Widmer begins his story of the American dream of liberty even before the first colonists, but of course it is with them — escapees from religious unfreedom and strife in Old Europe — that the story properly begins. This is not only for the obvious reasons but because the biblical phraseology, the sense of engaging in the final and history-sealing Exodus — and therefore the sense of an eschatological fulfilment — that filled the hearts and mouths of the Puritan leaders, set the terms of American self-perception ever thereafter. Certainly the flights of Bible-laced oratory that take off from both hustings and pulpit in the United States, now as throughout its history, give the grand project of spreading liberty an eschatological feel: and on this point politicians and preachers have always been inclined to take themselves seriously when their speeches and sermons begin.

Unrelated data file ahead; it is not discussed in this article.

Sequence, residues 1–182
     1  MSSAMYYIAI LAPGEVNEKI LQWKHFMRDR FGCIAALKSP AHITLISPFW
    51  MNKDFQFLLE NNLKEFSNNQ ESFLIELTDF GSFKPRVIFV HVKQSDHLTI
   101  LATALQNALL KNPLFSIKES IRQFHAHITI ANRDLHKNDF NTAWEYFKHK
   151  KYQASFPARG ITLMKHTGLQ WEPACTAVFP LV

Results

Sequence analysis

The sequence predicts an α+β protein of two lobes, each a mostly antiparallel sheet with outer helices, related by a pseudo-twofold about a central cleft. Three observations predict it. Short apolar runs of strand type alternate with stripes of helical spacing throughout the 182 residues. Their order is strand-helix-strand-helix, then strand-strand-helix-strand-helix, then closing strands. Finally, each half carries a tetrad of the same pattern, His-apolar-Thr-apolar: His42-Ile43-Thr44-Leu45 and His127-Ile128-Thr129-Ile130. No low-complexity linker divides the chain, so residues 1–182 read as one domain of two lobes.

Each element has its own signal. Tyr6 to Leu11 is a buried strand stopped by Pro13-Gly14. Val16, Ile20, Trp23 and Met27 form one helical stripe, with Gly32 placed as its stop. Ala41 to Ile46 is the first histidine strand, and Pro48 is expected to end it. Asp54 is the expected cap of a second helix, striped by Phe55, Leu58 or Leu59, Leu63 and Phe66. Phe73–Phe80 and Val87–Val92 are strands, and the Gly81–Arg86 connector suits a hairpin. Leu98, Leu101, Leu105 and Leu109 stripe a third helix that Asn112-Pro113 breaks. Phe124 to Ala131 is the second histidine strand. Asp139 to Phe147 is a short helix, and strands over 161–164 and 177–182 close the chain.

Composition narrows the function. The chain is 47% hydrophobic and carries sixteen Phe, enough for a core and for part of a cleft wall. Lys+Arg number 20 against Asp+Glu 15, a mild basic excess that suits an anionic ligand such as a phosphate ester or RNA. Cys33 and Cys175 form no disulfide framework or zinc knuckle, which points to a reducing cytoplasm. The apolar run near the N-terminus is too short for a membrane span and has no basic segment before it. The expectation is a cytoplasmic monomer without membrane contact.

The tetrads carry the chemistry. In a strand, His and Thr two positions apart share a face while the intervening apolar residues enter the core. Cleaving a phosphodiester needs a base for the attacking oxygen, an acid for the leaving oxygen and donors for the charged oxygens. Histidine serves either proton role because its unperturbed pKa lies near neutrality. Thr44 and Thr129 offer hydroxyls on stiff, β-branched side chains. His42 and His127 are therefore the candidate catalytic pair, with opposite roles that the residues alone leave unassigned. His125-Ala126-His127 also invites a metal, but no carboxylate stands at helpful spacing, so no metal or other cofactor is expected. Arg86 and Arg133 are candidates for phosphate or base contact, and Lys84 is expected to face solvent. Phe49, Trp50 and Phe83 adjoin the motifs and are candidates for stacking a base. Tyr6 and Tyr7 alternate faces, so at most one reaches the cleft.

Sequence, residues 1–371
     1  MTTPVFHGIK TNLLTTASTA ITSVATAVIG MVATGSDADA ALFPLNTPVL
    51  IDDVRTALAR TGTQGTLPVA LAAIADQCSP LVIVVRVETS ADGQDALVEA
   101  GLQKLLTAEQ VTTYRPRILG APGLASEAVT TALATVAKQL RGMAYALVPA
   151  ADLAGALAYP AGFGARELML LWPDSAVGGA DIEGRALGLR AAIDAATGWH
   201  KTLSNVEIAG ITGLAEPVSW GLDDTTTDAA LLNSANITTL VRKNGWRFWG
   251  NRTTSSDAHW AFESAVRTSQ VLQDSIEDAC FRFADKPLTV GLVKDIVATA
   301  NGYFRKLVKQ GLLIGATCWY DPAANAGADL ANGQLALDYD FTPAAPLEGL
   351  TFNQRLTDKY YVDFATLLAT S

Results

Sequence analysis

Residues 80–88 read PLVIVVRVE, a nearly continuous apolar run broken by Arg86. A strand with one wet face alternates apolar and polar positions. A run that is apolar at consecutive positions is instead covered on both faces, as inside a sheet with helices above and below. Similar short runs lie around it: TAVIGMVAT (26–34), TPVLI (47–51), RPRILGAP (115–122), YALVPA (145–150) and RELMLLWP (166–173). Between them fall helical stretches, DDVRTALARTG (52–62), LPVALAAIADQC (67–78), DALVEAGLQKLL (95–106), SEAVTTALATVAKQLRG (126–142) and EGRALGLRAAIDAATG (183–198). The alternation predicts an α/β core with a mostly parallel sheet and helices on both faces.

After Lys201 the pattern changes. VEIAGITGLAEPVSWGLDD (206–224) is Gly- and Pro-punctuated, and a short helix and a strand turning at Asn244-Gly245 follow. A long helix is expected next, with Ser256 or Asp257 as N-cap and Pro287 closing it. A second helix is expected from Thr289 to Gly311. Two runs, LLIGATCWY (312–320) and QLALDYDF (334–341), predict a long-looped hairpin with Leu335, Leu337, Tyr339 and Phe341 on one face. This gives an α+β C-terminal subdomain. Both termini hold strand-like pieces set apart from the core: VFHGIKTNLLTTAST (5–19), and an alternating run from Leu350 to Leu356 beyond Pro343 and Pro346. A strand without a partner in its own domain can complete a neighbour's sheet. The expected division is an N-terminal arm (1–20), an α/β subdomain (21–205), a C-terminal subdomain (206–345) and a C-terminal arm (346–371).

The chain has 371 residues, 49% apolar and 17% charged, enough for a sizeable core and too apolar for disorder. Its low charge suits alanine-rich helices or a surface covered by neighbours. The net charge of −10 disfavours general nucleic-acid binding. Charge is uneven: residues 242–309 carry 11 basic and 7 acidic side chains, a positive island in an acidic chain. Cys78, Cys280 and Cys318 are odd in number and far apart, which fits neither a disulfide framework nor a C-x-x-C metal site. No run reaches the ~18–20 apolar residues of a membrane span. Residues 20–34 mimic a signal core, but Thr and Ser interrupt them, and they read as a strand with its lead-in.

Widmer’s book prompts the thought that the key to understanding the United States of America could be the following conjunction: that the essence of America’s history is that it sees its “manifest destiny” as the duty to “reshape an unwilling world in America’s image” — Widmer’s words — and the fact that the United States begins anew every four or eight years, starting over again with refreshed rhetoric, new hopes, new goals and ideals. Thus it is that the ark is relaunched on a flood of rhetoric — oh, how Obama fits the mould — as biblical, millennial, Promised Land–ish in sentiment as in actual quotation, and the great dream of bringing liberty and prosperity to all mankind, making the world a fit place for Americans to live in, is dreamed again.